He was the youngest child of Francesco Neri, a lawyer of that city, and his wife Lucrezia Soldi, a woman of noble birth, whose family had long served the state.
A characteristic instance of the corruption of the papal court is the fact that Borgia's daughter Lucrezia (see Borgia, LucREZIA) lived with his mistress Giulia, who bore him a daughter Laura in 1492.
The connexion began in 1470, and she bore him many children whom he openly acknowledged as his own: Giovanni, afterwards duke of Gandia (born 1474), Cesare (born 1476), Lucrezia (born 1480), and Goffredo or Giuffre (born 1481 or 1482).
In 1572 he married Francesca Lucrezia daughter of Bartolommeo Giunta, and great-grandchild of the first Giunta, who founded the famous printing house in Venice.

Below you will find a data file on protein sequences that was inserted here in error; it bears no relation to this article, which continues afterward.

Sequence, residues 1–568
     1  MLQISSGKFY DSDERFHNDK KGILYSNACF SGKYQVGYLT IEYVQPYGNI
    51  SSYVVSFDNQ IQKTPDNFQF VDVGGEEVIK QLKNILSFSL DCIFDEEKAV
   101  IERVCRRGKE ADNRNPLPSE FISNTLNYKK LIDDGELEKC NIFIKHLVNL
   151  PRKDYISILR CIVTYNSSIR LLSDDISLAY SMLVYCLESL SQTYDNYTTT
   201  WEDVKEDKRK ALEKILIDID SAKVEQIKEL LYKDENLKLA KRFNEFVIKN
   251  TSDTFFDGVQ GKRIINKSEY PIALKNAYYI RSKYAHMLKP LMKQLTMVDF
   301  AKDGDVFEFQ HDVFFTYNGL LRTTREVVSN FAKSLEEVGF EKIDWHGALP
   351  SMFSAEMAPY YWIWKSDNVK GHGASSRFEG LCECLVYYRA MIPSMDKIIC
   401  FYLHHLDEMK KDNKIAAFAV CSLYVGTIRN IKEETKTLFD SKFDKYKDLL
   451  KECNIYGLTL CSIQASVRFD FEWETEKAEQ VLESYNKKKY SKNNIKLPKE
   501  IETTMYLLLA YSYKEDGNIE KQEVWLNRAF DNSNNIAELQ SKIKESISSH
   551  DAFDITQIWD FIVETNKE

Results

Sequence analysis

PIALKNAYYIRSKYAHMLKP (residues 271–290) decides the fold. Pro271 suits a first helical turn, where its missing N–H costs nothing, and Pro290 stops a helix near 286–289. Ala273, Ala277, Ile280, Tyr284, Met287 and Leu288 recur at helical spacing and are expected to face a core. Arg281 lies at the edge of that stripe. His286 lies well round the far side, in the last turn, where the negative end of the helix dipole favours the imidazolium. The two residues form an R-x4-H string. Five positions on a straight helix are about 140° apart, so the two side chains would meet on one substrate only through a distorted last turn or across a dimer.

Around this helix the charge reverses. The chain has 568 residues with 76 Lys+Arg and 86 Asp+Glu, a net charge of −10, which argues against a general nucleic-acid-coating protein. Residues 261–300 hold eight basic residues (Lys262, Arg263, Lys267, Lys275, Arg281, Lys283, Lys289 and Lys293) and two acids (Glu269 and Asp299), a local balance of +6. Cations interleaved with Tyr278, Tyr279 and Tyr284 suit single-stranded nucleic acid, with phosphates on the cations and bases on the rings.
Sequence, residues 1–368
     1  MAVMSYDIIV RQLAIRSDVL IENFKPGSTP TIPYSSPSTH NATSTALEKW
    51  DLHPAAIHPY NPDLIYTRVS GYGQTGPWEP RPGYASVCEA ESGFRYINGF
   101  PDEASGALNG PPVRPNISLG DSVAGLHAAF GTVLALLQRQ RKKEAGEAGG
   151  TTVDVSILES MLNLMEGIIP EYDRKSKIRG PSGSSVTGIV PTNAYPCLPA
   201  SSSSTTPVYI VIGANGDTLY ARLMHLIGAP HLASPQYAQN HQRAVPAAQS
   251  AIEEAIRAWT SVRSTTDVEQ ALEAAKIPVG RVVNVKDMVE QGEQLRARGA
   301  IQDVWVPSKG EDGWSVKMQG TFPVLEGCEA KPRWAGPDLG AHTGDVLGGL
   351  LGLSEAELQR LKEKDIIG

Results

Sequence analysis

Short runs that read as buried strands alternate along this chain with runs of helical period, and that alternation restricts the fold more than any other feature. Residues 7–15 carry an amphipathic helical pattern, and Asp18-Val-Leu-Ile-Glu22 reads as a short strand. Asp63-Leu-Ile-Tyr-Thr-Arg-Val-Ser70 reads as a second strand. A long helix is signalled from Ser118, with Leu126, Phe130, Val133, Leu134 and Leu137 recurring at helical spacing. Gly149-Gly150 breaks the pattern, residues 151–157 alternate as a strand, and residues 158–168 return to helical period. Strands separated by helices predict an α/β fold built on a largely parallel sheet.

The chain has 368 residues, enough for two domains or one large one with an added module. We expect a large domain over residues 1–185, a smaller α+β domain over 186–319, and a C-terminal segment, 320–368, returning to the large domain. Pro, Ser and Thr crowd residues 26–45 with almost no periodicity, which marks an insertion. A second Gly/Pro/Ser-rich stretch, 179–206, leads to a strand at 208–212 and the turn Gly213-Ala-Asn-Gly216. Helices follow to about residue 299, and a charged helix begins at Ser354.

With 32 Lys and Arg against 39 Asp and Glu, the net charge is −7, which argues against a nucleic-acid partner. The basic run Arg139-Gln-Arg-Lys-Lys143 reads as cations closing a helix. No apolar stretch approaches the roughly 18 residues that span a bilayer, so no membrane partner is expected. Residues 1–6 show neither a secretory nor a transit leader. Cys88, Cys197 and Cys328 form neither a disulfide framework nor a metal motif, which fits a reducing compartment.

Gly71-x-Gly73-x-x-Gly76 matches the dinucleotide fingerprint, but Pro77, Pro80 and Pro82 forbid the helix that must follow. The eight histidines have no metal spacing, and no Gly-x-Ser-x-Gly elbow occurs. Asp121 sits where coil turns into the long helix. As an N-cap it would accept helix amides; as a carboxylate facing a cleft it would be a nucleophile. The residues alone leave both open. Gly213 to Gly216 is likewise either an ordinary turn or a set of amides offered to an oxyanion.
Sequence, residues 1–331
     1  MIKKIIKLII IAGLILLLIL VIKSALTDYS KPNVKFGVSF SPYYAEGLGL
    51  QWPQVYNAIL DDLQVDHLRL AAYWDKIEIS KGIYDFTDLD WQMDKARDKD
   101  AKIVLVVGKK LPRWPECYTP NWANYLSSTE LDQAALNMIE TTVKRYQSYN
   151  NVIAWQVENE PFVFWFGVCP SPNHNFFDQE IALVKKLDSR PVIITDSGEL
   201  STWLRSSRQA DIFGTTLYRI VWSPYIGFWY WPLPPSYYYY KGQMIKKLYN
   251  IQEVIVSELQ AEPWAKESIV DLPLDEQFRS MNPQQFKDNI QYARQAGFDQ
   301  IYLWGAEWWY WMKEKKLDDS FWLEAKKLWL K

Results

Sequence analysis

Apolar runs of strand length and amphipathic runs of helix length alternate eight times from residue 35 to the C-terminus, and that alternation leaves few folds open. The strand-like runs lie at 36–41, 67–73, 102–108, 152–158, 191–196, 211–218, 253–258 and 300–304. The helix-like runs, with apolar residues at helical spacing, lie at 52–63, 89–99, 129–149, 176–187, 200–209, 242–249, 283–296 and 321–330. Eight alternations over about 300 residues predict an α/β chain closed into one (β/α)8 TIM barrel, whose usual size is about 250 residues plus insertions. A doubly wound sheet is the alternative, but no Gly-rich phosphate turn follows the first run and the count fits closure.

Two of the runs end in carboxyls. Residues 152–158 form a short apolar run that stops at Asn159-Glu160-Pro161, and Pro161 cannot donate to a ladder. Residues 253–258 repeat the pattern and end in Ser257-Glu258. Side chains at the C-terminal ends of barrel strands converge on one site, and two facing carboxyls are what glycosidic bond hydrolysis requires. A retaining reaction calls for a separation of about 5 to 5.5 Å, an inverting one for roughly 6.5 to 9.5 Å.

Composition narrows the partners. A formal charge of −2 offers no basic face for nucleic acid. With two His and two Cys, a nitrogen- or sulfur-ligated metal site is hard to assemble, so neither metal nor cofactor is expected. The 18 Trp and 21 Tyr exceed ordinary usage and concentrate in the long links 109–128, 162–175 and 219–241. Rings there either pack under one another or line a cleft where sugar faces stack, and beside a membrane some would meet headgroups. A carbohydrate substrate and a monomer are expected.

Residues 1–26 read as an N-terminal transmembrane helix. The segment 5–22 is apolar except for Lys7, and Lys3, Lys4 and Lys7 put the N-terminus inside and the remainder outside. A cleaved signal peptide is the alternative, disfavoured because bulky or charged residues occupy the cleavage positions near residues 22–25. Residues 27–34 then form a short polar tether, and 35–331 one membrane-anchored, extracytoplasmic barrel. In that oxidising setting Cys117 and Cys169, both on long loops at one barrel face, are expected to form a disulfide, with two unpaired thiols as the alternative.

He is known to have painted portraits of two of the king's mistresses, Cecilia Gallerani and Lucrezia Crivelli.
Married Lucrezia Borgia, and continued the war with Venice with success.
His first wife, Ersilia Santa Croce, bore him twelve children, and nine years after her death he married Lucrezia Petroni, a widow with three daughters, by whom he had no offspring.
But there was no end to the Vatican tragedies, and in July the duke of Bisceglie, whose existence was no longer advantageous, was murdered by Cesare's orders; this left Lucrezia free to contract another marriage.
Finally Francesco's wife Lucrezia and his children Giacomo, Bernardo and Beatrice, assisted by a certain Monsignor Guerra, plotted to murder him.
She bore him two sons, Rodrigo, who was once selected to be the husband of Lucrezia Borgia, and Diego, who was the grandfather of the princess of Eboli of the reign of Philip II (see Perez, Antonio.) By another lady of a Valladolid family he had a third son who afterwards emigrated to France.